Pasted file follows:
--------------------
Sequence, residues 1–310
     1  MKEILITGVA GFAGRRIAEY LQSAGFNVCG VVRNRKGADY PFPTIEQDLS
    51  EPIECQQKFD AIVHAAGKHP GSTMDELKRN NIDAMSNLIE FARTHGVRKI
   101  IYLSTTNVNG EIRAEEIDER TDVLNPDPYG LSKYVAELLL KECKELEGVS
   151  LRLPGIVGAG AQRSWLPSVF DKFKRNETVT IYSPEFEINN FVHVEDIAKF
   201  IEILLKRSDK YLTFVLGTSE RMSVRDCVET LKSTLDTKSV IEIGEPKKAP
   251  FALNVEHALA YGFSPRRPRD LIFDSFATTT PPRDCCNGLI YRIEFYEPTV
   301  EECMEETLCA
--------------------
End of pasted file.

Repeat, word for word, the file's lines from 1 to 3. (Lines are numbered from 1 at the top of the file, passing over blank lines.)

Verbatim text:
Sequence, residues 1–310
     1  MKEILITGVA GFAGRRIAEY LQSAGFNVCG VVRNRKGADY PFPTIEQDLS
    51  EPIECQQKFD AIVHAAGKHP GSTMDELKRN NIDAMSNLIE FARTHGVRKI